When you’ve known someone for 35 years, you have a lot of ups and downs in your relate. Thus so with Alan White, who just retired after working with me for 24 of the 35 years since we met. I don’t appreciate him enough, or maybe I should say — I don’t show enough appreciation for him. So this is my song for you, Charles Alan White.
I’m not complaining about anything to do with the decades of our friendship. I’ve caused him far more grief than he has given me. He’s stuck by me loyally — when we made money, when we didn’t; when we had clients clamoring at our door and when we worked from a dining room table on Baltimore Street. He knows where all the bodies are buried; hell, he dug the holes and threw most of them in the deepest of graves to protect me.
Alan attended all three of my weddings. He served as best man at my first, while a well-intentioned woman slaughtered one of his beautiful songs. He sang at two of them, if memory serves. He celebrated with me in the joyful dawn of each adventure, and held me when the sobs of failure wracked my heart.
Alan and I do not always agree. At times our discord bleeds with the crimson flow of genuine suffering. Sometimes the disharmony vanishes as it plumes into the air, vaporous insubstantial bickering over irrelevant minutia. He snaps, I respond; I bleat, he rebels. The next day our voices soften, anger forgotten in the flow of eternal empathy.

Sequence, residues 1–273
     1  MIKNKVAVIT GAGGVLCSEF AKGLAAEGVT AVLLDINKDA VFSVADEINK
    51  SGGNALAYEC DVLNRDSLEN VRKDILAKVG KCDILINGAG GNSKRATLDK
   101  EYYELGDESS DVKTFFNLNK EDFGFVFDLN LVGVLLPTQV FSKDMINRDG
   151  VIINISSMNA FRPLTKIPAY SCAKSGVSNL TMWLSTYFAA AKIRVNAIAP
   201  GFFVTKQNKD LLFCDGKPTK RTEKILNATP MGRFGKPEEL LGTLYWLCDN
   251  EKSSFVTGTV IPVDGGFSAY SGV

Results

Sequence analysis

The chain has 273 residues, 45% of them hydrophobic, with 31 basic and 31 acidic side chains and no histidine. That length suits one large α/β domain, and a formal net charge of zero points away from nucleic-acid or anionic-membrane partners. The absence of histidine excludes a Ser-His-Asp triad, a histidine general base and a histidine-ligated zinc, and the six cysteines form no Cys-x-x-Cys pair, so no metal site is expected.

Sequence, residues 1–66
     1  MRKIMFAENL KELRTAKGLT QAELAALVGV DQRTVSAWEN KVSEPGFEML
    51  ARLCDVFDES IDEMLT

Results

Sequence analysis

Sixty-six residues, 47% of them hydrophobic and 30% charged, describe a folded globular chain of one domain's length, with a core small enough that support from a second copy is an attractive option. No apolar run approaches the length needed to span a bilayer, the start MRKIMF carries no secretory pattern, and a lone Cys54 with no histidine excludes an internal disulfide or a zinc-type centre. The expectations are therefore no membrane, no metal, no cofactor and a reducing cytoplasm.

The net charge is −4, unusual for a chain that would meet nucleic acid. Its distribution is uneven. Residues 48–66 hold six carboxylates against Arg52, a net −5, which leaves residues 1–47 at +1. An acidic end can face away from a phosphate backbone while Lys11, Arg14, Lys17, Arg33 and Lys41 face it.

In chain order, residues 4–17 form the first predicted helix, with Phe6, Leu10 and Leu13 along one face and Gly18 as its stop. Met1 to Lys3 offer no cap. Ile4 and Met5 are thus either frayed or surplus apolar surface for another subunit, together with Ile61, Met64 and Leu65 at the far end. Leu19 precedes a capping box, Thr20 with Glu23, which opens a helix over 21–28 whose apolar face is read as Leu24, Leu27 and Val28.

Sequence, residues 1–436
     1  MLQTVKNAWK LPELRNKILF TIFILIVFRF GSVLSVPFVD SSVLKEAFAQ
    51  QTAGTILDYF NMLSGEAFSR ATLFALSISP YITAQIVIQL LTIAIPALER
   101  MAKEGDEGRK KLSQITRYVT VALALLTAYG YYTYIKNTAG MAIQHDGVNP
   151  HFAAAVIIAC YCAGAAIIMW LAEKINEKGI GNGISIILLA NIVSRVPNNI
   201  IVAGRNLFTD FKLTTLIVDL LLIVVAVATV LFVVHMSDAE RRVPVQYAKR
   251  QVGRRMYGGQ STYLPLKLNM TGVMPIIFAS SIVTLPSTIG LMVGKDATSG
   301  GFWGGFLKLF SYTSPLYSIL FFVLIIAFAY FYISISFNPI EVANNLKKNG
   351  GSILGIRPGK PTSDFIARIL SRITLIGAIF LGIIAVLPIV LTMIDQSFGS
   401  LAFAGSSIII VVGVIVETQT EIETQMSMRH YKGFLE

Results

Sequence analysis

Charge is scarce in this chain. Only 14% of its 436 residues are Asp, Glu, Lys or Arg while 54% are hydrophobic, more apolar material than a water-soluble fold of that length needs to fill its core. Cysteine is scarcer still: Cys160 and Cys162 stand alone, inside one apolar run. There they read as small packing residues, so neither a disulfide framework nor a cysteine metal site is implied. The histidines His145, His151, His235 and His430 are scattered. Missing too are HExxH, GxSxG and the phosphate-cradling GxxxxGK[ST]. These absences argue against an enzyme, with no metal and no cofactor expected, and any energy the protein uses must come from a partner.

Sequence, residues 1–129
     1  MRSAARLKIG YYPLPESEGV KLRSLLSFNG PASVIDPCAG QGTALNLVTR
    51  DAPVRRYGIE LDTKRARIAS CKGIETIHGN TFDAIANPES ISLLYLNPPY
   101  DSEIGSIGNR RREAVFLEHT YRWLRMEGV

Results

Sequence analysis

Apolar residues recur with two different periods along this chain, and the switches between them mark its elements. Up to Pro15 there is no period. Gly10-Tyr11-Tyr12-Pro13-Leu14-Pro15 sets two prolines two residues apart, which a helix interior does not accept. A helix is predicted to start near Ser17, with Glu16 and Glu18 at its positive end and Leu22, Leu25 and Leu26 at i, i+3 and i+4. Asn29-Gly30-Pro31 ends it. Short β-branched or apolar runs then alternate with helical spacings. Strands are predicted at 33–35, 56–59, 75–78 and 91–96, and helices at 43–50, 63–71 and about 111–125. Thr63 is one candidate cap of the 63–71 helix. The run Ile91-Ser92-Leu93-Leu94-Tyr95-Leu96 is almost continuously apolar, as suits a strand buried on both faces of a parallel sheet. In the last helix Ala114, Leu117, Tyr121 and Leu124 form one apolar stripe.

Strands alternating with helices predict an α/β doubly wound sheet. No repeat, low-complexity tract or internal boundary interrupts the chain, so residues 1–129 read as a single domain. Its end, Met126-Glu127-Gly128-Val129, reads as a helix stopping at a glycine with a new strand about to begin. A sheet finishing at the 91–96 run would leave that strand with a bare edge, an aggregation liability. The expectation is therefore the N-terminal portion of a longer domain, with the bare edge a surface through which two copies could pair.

I could not have raised my son, represented my clients, or endured migraines without his tenderness. I owe him more than I can articulate even with the nimble flow of my lily white spastic hands across the keyboard.
I gave my son the middle name “Charles” because of Alan. He guided me in nurturing Patrick’s musical gift. He coached me in talking with boys about so many areas, too many to name, too important to articulate without embarrassing both “Uncle Alan” and his adopted nephew. But he knows, and Patrick knows, and I know. The rest of you can imagine and share my thankfulness.
I played Alan’s first album on my dead mother’s turntable from a mountaintop in Fayetteville during lonely evenings after my marriage to his brother failed. I wrote long letters to him in Kansas City and received longer ones from him in Arkansas. He talked of people we knew, and places we had frequented, and feelings we had shared. He was my first best guy friend. I sang his songs to my unborn child.
His son calls me “aunt” to this day. I cherish the connection.
I can’t take back any misstep that I made with Alan in our friendship but he would never begrudge me them. In the debris that I sometimes think will never be more than my lot, he navigated a life boat in the stormiest of harbors. He gave me violins in the wind. He created a soundtrack for my tragic love affairs. He served as a constant reminder that regardless of the soot which covered my soul, someone would continue to cherish me.
Alan has never wavered in his friendship, despite my weakness, despite my treachery. I send him what passes for my gratitude, knowing that no expression of remorse would be necessary. If you see him, tell him that someone destined for the quiet of northern California will be playing his music all across America, and smiling as she sings off-key.
It’s the twenty-second day of the forty-seventh month of My Year Without Complaining. Life continues.